The need to revisit aspects of swap dealer registration is hardly surprising. The Commission’s regulatory framework for the swap market has greatly evolved from its state six years ago when the swap dealer definition, along with all of its exclusions and exceptions, was adopted jointly with the Securities and Exchange Commission (SEC). It is only common sense that the Commission, in light of data and experience, would need to re-examine and adjust elements of the swap dealer regulatory regime to keep pace with a dynamic, evolving marketplace. I believe the Commission has the flexibility to make further adjustments to its de minimis exception to address many of these issues. I would also support and welcome a joint rulemaking with the SEC where necessary to broadly reconsider the deficiencies of the current swap dealer registration framework.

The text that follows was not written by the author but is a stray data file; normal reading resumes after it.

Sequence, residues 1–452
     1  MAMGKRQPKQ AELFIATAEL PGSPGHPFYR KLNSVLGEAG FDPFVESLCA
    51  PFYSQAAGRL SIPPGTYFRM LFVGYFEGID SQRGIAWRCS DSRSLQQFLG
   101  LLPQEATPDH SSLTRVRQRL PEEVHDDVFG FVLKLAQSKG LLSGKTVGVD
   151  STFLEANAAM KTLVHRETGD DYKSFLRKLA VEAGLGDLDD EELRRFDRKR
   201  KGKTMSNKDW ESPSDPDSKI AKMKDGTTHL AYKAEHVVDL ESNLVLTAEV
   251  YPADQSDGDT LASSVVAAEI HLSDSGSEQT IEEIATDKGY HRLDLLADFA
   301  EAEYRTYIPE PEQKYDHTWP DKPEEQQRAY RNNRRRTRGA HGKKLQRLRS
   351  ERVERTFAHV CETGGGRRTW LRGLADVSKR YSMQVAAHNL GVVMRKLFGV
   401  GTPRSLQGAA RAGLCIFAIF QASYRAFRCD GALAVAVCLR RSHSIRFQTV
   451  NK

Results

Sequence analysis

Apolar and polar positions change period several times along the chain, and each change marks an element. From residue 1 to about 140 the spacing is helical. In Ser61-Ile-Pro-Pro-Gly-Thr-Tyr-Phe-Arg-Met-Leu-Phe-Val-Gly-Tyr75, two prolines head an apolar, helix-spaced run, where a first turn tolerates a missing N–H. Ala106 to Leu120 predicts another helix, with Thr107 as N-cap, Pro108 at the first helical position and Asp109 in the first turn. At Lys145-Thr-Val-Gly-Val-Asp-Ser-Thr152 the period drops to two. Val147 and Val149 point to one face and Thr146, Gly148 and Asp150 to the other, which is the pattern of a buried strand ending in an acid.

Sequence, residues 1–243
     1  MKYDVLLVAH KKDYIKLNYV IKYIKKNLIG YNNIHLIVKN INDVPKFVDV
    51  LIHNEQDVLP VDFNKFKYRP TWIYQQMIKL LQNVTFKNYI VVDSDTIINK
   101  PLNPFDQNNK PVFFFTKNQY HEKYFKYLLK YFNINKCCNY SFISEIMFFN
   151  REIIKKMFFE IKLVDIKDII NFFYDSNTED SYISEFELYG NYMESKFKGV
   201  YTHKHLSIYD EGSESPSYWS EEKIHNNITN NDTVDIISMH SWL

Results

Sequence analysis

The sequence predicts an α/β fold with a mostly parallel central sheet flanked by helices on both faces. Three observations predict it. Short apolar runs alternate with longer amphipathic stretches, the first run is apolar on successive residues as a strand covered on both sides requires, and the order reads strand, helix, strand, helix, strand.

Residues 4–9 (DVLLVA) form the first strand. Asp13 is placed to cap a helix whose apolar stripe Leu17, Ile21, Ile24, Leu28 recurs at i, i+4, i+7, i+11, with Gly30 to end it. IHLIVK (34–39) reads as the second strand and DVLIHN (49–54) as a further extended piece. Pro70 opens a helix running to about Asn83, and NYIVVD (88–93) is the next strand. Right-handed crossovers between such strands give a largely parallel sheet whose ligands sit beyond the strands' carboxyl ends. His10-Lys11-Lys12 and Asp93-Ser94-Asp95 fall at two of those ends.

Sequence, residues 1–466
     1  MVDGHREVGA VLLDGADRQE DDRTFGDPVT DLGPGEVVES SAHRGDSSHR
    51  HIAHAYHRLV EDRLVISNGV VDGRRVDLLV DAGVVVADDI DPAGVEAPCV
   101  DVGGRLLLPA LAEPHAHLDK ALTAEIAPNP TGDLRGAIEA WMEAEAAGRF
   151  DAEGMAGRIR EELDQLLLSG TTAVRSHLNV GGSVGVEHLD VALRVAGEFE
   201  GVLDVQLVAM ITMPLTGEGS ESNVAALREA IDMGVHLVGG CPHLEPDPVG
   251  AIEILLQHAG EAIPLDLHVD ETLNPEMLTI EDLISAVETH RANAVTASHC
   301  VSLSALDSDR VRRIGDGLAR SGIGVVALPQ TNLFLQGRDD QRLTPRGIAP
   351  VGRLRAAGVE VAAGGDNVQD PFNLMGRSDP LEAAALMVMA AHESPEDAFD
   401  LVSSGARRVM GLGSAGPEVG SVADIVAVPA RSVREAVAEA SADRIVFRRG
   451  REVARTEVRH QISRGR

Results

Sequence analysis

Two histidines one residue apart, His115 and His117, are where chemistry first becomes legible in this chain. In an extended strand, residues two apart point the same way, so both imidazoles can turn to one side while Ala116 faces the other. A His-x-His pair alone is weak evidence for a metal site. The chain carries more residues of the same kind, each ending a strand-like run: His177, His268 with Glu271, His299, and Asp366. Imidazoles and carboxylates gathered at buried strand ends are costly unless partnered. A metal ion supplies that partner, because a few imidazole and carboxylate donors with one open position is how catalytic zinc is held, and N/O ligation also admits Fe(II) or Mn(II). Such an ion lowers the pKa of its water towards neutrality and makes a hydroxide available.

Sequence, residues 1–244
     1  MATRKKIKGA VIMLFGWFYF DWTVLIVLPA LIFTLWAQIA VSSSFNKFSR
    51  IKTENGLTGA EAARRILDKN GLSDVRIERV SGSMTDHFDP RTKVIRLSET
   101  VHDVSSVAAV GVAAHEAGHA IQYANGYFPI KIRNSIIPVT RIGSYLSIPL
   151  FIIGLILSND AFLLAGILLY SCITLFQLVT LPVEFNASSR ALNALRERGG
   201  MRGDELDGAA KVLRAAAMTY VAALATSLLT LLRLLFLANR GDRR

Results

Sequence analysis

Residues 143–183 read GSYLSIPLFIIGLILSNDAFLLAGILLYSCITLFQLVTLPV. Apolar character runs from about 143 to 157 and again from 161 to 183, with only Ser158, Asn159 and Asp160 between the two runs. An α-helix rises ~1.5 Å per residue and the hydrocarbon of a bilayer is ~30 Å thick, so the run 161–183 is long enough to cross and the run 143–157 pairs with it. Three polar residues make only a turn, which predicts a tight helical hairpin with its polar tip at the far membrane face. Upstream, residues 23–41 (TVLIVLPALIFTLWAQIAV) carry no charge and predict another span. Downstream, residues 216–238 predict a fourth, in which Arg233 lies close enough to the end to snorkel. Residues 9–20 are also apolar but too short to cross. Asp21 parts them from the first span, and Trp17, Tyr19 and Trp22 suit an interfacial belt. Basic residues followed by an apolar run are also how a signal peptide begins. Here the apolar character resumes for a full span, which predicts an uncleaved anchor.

I recognize that making such adjustments through rulemaking would require more time and effort – both on the part of the Commission and on the part of market participants. But, as I noted at the beginning, if it is worth doing, it is worth doing right. A rulemaking would provide the market with long-term regulatory certainty, ensure that all firms have the benefit of a rationalized registration scheme, and prevent squeezing currently unregistered firms into a registration category so that they can perform a low-risk and highly valuable market function of adding liquidity to the swaps marketplace. In my view, that would truly be a great day for the Commission, market intermediaries, and end-users. Unfortunately, today is not one of those days.
 Rule 1.3 provides that registered floor traders need not consider cleared swaps executed on or subject to the rules of a designated contract market or swap execution facility when determining whether the floor trader is a swap dealer, if certain conditions are met (hereinafter, the “floor trader exception”).